Geoffrey Fieger

Twelve years ago, I went to talk to Geoffrey Fieger, Michigan’s most flamboyant attorney. Fieger told me he was thinking about running for mayor of Detroit, and wanted to know what I thought.

I told him I thought it was an absolutely brilliant idea with only three fatal flaws. “What do you mean?” he said. “Well, first of all, you don’t live there,” I said. Fieger told me he could buy a house anywhere. I didn’t dispute that.

But there was a second problem. I told him, you aren’t going to get elected because you aren’t black. Detroiters aren’t ready to vote for a white mayor. “You’re wrong,” Fieger said. “They love me.”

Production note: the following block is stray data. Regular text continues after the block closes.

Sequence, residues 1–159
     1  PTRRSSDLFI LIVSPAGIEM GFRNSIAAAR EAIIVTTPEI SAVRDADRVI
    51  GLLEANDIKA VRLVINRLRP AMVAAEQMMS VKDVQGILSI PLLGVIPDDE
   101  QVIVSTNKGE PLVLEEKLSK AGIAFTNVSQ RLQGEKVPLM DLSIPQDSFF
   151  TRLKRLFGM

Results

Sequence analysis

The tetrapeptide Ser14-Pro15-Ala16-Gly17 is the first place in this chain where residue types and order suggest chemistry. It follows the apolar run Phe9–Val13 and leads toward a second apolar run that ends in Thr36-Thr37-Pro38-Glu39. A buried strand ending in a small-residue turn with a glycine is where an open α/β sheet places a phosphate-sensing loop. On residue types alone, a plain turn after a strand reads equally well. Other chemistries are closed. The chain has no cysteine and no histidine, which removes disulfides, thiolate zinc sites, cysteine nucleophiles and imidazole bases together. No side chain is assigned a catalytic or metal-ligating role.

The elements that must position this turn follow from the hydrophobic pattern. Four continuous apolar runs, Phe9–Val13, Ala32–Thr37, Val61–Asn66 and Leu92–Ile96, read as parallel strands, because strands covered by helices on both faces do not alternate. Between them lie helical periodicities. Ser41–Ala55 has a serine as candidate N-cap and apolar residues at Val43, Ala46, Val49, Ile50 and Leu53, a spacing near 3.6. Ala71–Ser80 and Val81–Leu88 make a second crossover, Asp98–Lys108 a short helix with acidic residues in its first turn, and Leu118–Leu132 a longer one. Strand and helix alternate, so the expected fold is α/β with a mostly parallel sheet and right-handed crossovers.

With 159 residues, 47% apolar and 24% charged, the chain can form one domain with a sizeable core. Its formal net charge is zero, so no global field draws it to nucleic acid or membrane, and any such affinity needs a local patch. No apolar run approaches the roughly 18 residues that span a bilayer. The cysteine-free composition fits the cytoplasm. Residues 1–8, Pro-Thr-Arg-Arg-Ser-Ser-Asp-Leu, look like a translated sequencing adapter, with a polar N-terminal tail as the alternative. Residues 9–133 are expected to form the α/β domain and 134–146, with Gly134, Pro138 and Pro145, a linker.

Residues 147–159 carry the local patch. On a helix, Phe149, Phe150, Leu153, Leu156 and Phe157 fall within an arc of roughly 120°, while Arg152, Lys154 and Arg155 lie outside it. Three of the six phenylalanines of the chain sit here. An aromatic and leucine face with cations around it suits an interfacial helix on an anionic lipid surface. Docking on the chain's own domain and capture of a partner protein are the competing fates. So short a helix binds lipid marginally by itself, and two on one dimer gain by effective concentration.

Ten years or so ago, I went to talk to the powerful and flamboyant medical malpractice lawyer Geoffrey Fieger, probably best known for successfully defending Dr. Jack Kevorkian in a series of sensational, high-profile assisted suicide trials.

He said he was thinking about running for mayor of Detroit, and wanted my confidential advice. I told him I thought that was a brilliant idea, but that there were only three things wrong with it.

Virtually everyone knows Geoffrey Fieger, the attorney whose first name often seems to be “flamboyant.”

Though he burst into national prominence 20 years ago as the attorney who kept Jack Kevorkian free, these days, he is mostly in the news for winning huge medical malpractice verdicts.

Last month, he racked up a $144 million judgment in a birth trauma case which is believed to be the largest medical malpractice suit in state history.